Jane Foster’s Mighty Thor storyline is this: Jane Foster has a terminal diagnosis of breast cancer. Thor has become unworthy, so he’s stripped of the Thor title (his actual name is Odinson, and Thor is a mantle, like Captain America or Black Widow, which can be given and taken on by others. Hopefully his unworthiness in the movie is not connected with his weight gain from Endgame). Anyways, Jane Foster takes up the mantle, saying that “there must always be a Thor.” She is deemed worthy enough to pick up Mjolnir. Whenever Jane uses Mjolnir though, it heightens her cancer, literally killing her as she saves others. Talk about sacrifice. As for Thor/Odinson himself, he’ll be rediscovering himself and learning how to be worthy again and finding his identity outside of being king of Asgard. 

I’m excited to see this storyline adapted, and Natalie Portman is a fantastic actress who will be able to handle the dramatic parts (and physical parts, easy to see if you saw her performance in Annihilation) but my main concern is Taika Waititi. I love his other work, but he spent most of Thor: Ragnarok erasing all the previous Thor movies and streamlining the character to be like all the other Marvel heroes, which I did not love. How are we supposed to root for Jane Foster when she’s been out of the movies for a while now, and her absence has been mined for a few jokes? 

There’s some great potential here to explore what it is like for a human to take the role previously held by a god, the difference between a man and a woman in the same role, and how Thor and Jane interact in their new roles, especially since they are no longer a couple (in the comics they don’t get back together). But will any of that be explored? I’m worried it won’t be.

The Thors aren’t the only characters in the movie, though. Tessa Thompson’s newly-appointed king of Asgard Valkyrie will return. Thompson said in the comic-con panel that since Valkyrie is the new king of Asgard, she’ll need a queen, confirming that she’ll finally be able to make Valkyrie bisexual as Thompson has been campaigning for since day 1. There is no confirmation on who this love interest will be. And since Waititi is scripting this time, expect Korg, his character, to have a larger role.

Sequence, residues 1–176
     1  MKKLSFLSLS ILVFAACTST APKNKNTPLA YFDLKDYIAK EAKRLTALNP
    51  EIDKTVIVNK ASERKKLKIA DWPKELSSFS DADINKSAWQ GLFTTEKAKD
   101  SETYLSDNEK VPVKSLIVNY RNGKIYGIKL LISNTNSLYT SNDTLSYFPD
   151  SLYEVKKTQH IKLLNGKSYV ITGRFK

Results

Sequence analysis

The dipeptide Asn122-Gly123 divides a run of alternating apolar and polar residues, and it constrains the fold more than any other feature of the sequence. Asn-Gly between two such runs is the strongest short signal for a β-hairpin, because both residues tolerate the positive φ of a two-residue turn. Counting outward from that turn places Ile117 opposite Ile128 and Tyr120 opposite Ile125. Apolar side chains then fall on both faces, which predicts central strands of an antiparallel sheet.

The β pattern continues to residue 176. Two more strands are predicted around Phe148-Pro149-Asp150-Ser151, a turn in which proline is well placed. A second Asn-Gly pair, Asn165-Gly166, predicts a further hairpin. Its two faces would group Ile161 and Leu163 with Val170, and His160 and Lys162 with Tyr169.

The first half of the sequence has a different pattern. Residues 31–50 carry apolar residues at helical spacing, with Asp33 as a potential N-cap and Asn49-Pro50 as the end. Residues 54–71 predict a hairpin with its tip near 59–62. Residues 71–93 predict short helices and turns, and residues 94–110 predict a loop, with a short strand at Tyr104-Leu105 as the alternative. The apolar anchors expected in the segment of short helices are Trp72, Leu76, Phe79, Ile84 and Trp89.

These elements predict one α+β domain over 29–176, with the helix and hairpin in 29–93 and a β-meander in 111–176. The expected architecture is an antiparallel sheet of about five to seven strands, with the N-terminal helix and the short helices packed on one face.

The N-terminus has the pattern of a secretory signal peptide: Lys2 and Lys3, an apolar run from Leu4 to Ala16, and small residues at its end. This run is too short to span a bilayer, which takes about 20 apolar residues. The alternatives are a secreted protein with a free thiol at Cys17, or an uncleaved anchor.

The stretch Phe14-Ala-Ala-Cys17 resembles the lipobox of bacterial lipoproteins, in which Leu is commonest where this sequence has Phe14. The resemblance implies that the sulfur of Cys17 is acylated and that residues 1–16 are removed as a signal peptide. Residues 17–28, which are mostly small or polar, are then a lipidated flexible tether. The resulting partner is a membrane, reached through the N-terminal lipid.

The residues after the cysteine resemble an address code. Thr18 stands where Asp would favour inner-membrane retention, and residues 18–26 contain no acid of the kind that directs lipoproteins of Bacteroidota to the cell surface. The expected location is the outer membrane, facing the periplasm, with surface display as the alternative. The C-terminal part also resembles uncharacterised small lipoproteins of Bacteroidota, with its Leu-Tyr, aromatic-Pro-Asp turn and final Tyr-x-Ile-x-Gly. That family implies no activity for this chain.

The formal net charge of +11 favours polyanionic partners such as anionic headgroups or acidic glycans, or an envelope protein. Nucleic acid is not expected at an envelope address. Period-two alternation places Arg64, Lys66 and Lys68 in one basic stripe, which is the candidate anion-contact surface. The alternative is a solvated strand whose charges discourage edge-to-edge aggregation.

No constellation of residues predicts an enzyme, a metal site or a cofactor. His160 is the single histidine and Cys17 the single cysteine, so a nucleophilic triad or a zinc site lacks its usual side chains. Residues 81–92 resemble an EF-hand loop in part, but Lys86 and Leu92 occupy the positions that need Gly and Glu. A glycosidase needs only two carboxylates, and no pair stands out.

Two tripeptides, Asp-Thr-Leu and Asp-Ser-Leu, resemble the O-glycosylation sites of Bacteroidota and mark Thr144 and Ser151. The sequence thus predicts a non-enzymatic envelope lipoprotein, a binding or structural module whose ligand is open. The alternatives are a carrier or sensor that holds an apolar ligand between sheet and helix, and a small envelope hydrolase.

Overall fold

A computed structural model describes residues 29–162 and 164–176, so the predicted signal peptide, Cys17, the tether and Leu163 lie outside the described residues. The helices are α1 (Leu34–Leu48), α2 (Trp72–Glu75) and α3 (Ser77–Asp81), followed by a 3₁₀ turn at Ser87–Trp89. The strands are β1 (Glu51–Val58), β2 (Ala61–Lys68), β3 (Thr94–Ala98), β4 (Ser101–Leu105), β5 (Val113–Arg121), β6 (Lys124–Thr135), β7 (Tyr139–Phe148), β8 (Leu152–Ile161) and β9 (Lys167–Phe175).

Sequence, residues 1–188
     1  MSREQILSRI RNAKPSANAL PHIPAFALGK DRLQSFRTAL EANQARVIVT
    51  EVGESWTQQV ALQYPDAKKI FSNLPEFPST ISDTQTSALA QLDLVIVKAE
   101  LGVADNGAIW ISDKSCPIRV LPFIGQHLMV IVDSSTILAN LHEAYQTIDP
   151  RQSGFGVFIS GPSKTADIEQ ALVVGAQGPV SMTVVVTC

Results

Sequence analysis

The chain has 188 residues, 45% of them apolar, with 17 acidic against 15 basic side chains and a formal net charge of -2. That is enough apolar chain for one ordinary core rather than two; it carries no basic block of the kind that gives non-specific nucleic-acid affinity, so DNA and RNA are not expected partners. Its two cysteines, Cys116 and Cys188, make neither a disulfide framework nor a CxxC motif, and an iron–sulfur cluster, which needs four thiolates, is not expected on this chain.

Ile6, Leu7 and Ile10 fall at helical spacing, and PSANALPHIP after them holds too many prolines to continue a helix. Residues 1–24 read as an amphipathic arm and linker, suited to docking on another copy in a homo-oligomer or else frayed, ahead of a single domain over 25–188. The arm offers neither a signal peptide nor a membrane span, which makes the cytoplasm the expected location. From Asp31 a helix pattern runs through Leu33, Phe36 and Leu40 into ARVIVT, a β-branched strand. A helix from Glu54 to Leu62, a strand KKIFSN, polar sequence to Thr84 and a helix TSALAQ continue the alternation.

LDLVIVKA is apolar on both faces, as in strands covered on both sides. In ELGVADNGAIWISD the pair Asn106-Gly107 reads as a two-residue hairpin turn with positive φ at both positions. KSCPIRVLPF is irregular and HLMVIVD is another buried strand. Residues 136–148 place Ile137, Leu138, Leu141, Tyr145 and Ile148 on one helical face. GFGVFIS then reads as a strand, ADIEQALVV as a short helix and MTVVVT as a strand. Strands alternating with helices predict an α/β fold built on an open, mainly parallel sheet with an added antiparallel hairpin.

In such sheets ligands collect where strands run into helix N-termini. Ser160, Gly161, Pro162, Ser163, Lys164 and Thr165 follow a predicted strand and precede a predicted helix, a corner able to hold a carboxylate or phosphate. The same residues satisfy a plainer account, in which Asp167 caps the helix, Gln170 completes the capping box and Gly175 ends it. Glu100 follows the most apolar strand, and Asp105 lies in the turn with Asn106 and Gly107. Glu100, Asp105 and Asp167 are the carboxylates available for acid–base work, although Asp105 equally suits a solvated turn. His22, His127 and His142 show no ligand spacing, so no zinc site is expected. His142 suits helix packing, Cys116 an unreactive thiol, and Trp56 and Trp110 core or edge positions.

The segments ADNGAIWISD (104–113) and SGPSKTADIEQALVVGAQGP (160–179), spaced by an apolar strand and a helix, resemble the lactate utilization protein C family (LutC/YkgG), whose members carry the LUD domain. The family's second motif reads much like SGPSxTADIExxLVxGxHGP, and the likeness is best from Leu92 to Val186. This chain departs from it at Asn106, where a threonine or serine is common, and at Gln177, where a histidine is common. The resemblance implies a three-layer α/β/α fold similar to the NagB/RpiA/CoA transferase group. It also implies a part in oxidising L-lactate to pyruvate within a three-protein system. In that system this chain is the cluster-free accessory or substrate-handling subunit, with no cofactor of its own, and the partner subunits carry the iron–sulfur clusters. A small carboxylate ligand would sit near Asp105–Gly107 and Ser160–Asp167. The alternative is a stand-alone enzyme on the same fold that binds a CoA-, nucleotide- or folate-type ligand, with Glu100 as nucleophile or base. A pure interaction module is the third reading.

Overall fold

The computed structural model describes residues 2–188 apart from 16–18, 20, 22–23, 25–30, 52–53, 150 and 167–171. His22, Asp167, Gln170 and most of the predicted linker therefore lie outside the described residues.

Beyond Phase 4

Feige also confirmed at the San Diego Comic Con panel that the Fantastic Four and the X-Men, now back at Marvel because of the Disney acquisition of Fox, will be coming after Phase 4, although in what capacity is still unknown. The mic drop of the announcement though has to go to Mahershala Ali being announced as the star of a new Blade movie. No further information about that property is known yet. At the D-23 Expo last weekend it was also announced that Moon Knight, Miss Marvel, and She-Hulk (finally!) Disney+ shows are in development, Black Panther 2 will come out May 6, 2022 with Ryan Coogler returning to direct, and Kit Harrington has joined the cast of The Eternals. 

Much of my research for both of these articles came from Grace Randolph from Beyond The Trailer.

Everything You Need to Know About Marvel’s Phase 4 (Part 1)

May 2020- May 2021

Image result for marvel phase 4 slate

In October of 2016 I broke down the future of Marvel movies and my predictions for what then was Phase 3. I was right about some things, wrong about others. But now at Comic-Con 2019, Marvel Studios announced their Phase 4 slate of films and Disney+ shows (Disney’s new streaming service, coming November 12th). Unlike the Netflix-Marvel shows like Daredevil and Jessica Jones, the Disney+ shows will tie into the movie universe, making all of our wallets bemoan. 

If you want to know all you have to look forward to for the next few years in the Marvel Cinematic Universe, aka MCU (Phase 4 will cover 2020 to 2022 with ten projects in all), then I’ve done the research so you don’t have to. This is part one of two, covering the three films and two Disney+ show that will take us from May 2020 to early spring 2021. 

Black Widow

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  • May 1, 2020
  • Directed by Cate Shortland 
  • Starring Scarlett Johansson as Natasha Romanoff/Black Widow, Rachel Weisz as Melina, Florence Pugh as Yelena, David Harbour as Alexei Shostakov aka The Red Guardian, and O-T Fagbenle as Mason/The Taskmaster.

Black Widow’s first solo movie and the MCU’s second female solo film will be a prequel, one of the MCU’s only. It will cover Natasha’s past, including what happened in Budapest, and the Red Room/ Black Widow Program, which we got glimpses of in Avengers: Age of Ultron

It looks like Natasha will be facing off against several villains. O-T Fagbenle’s Taskmaster has the power to completely replicate anything he sees, so if he’s fighting Natasha, he would be able to do every move she does, like she’s looking in a mirror. This leaves plenty of room for exciting action sequences. It was also confirmed that there will be a romance between the two of them, which…. whatever. 

Rachel Weisz’s role is Melina, and in the comics, Melina is also known as “The Iron Maiden,” a fellow graduate of the red room program who never is able to match Natasha and is overcome with jealousy. Weisz said in the panel that Melina goes through scientific experimentation in this film, giving her advanced powers that will make her a formidable foe to Nat.